In an interview with Jim Puplava of the Financial Sense Newshour, author and economist Chris Martenson claimed that a physical shortage of oil is one of the underlying causes of the current economic malaise and societal unrest seen around the world this year. According to Martenson, the civil war in Libya highlighted the increasingly tight supply constraints in the oil market, as demonstrated by the price action following the conflict.
To me the big story is and continues to be this idea that all those other things that we're talking about in the economic sphere and our debt sphere are really just noise when you understand that all of that requires ever increasing amounts of energy to sustain ... All the data I'm tracking continues to suggest that we are unable, for whatever sets of reasons, to really meaningfully increase global supply of the kind of crude [oil] that we really want. I know Saudi Arabia has some extra sour stuff, and the markets seem well supplied with sour, but where's our light sweet? It really only took Libya at 1.3 million barrels a day coming offline to expose just how tight that market really is.
So when you're thinking about a global market that consumes 86 - 88 million barrels per day, depending on how you count, and you take 1.3 million out of the equation and all of a sudden things are really tight, I think that tells you everything you need to know about where we are in this story. We do not have spigots of oil that we can just twizzle to the right and have more oil flow out.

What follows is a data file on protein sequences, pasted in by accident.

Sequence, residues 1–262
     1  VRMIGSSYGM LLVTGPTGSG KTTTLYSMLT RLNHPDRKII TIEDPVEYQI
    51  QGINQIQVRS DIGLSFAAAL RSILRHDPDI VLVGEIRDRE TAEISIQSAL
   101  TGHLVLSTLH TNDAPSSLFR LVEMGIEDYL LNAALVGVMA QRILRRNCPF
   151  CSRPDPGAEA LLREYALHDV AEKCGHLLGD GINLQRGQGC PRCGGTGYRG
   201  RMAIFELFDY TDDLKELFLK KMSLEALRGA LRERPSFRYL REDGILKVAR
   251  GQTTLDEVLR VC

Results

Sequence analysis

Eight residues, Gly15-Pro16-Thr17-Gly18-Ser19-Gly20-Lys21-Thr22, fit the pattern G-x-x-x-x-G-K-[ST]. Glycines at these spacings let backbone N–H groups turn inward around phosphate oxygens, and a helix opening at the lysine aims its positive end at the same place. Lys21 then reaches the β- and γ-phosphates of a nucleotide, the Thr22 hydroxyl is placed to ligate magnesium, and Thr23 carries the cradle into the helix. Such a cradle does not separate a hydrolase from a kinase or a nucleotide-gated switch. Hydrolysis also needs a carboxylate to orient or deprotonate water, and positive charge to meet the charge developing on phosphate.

We're working really hard in some really tight formations, really deep formations, really exotic locations at just unbelievable pressures, with just exquisite technology being brought to bare. We're really putting a lot of effort in and everything I'm reading and looking at and able to get my hands on suggest were bumping against a production plateau and I think the price confirms it.
Martenson stated that the world economy lacks the necessary energy to continue growing at its previous pace, and worse, that the crisis in the lack of energy has been further accentuated by the ongoing credit crisis that began in 2008. As a result, prosperity has diminished in many parts of the world, leading to protests and global unrest.
We are experienceing, I believe, geologically driven oil prices, meaning there is actually physical scarcity of supply, which means were having higher than average oil prices. At the same time, we're running into the wall that was created by the bursting of the largest credit bubble ever in history. And this one was a global credit bubble. When you have a credit bubble all on its own, that's a dangerous beast, but when you combine that with rising oil prices that are themselves a limiting function on economic growth and advancement ... when you put those two pieces into one spot, it's absolutely essential to see both of those at the same time. Yes, high oil prices are very highly correlated with recessions, but what do we make of high oil prices in the face of the bursting of the largest credit bubble ever?
That's what were facing. That, to me, explains the riots in Greece or what's going on in the "Occupy Wall St" right now. There's a lot of concern and confusion. What used to work isn't working anymore. If you want to understand why, you have to put thodse two pieces together.
Via Financial Sense.
Listen to the interview here.